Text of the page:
US5701505A (en) * 1992-09-14 1997-12-23 Fuji Xerox Co., Ltd. Image data parallel processing apparatus
US5666443A (en) * 1993-08-24 1997-09-09 Minolta Co., Ltd. Image processor with edge emphasis of image data
US6091891A (en) * 1997-05-09 2000-07-18 Lexmark International, Inc. Method and apparatus for calibrating delay lines to create gray levels in continuous tone printing
US6404919B1 (en) * 1997-08-14 2002-06-11 Minolta Co., Ltd. Image processor for encoding image data
US6191793B1 (en) 1998-04-01 2001-02-20 Real 3D, Inc. Method and apparatus for texture level of detail dithering
US20070007598A1 (en) * 1998-11-12 2007-01-11 Broadcom Corporation System and method for ESD protection
US20070102350A1 (en) * 2005-11-09 2007-05-10 Industrial Technology Research Institute Method for producing polymeric membranes with high-recovery rate
US7517482B2 (en) * 2005-11-09 2009-04-14 Industrial Technology Research Institute Method for producing polymeric membranes with high-recovery rate
US20170115623A1 (en) * 2015-10-26 2017-04-27 Konica Minolta, Inc. Image forming apparatus and method for controlling the same
US9785106B2 (en) * 2015-10-26 2017-10-10 Konica Minolta, Inc. Image forming apparatus and method for controlling an amount of lubricant applied on the image carrier

Also Published As

Publication number Publication date Type
JPS59156070A (en) 1984-09-05 application
DE3406817A1 (en) 1984-08-30 application
FR2541798B1 (en) 1990-03-23 grant
DE3406817C2 (en) 1993-04-01 grant
FR2541798A1 (en) 1984-08-31 application

Similar Documents

Publication Publication Date Title
US6424742B2 (en) Image processing apparatus for discriminating image field of original document plural times and method therefor
US4196452A (en) Tone error control for image contour removal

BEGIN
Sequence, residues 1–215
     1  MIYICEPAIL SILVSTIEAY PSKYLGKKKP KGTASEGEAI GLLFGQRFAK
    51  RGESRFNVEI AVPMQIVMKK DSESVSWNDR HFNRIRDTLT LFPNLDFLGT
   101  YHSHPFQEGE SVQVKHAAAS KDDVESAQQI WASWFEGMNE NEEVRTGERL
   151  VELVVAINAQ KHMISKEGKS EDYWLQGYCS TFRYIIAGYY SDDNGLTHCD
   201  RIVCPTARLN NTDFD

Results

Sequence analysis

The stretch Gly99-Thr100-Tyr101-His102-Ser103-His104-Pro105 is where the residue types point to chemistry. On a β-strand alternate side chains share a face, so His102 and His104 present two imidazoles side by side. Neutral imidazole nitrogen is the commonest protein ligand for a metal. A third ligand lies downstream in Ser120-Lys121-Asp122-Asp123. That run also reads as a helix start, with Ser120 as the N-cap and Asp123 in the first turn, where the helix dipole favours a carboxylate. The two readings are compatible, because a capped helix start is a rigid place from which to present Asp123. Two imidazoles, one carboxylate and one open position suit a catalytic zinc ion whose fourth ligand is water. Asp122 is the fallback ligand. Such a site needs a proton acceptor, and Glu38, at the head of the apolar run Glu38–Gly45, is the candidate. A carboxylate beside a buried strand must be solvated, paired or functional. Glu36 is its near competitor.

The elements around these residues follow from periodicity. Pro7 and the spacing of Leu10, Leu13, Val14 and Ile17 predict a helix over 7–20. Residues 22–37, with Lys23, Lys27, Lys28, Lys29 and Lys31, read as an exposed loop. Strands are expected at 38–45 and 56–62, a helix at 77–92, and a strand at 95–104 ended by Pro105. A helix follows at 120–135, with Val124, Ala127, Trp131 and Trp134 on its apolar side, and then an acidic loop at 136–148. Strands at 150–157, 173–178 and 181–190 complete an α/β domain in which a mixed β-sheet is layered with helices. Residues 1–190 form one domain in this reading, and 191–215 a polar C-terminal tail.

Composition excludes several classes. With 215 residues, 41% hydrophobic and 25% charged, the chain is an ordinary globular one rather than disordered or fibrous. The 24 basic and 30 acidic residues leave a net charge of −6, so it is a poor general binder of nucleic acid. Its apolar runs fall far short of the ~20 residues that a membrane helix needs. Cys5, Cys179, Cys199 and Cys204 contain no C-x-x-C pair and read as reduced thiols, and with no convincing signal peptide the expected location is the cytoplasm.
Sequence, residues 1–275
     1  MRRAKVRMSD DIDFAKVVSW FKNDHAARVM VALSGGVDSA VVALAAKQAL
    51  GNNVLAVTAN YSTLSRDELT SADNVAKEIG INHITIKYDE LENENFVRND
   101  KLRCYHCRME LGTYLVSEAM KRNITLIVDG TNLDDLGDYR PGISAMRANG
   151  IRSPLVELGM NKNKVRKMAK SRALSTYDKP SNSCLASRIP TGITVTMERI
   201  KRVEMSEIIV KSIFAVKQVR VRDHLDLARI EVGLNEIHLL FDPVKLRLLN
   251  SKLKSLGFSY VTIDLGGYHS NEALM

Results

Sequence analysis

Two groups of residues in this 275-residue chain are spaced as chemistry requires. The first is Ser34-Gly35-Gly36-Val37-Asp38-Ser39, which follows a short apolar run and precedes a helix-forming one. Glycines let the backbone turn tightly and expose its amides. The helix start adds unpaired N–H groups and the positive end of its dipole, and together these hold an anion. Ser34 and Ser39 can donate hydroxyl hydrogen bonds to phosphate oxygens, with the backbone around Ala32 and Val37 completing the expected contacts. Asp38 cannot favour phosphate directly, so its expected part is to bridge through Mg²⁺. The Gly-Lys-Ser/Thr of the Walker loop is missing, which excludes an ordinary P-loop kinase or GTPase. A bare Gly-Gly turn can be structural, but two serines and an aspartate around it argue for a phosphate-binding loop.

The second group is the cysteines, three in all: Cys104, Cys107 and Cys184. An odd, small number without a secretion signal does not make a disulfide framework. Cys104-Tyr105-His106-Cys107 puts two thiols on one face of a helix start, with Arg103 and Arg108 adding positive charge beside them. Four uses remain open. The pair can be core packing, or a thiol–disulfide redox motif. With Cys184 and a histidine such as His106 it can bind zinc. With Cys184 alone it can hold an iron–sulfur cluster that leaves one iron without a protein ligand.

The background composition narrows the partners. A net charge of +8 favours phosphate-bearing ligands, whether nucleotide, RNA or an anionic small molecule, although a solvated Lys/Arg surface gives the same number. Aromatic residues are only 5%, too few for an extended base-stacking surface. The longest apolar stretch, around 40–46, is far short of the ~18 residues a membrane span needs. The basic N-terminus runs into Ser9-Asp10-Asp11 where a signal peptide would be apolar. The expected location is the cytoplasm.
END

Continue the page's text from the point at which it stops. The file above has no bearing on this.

US6631207B2 (en) Image processor including processing for image data between edge or boundary portions of image data
US5001576A (en) Image processor with improved discrimination between character image and tonal image
US4185304A (en) Electronic halftone screening
US4547811A (en) Method and apparatus for gray level signal processing
US5339171A (en) Image processing apparatus especially suitable for producing smooth-edged output multi-level tone data having fewer levels than input multi-level tone data
US6529287B1 (en) Image processing system
US4196454A (en) Tone error control for relatively large image areas
US4899227A (en) Image processing apparatus detecting the size or position of an information portion of an original
US5729663A (en) Method and apparatus for gray screening
US5760811A (en) Halftone image recording apparatus and method based on first and second timing signals chosen from a plurality of synchronized clocks
US5146351A (en) Image reader
US4707745A (en) Digital copier with document image region decision device
US5805738A (en) Image processing apparatus and method
US6333795B1 (en) Image scanner
US5790165A (en) Image processing apparatus and providing controlling addition of predetermined data in a border portion
US5086486A (en) Apparatus for reading a document and processing the image
US5343283A (en) Scan/print system for performing image processing and an image selection unit for use in the scan/print system
US6633406B1 (en) Image processing apparatus and image forming apparatus which recognize orientation of document image
US4953012A (en) Image processing system for combining a character image with an image including a gray level
US20020003633A1 (en) Image processing apparatus, an image processing method and computer program product for combining page description language image data and bitmap image data
US6559976B1 (en) Color image processor
US6441915B1 (en) Image forming apparatus
US4797943A (en) Gradation data processing apparatus

Legal Events

Date Code Title Description
AS Assignment

Owner name: CANON KABUSHIKI KAISHA, 30-2, 3-CHOME, SHIMOMARUKO

Free format text: ASSIGNMENT OF ASSIGNORS INTEREST.;ASSIGNORS:TAKAO, MITSUJI;MIKADA, HIROYUKI;REEL/FRAME:004232/0005

Effective date: 19840214

CC Certificate of correction
FPAY Fee payment

Year of fee payment: 4

FPAY Fee payment

Year of fee payment: 8

FPAY Fee payment

Year of fee payment: 12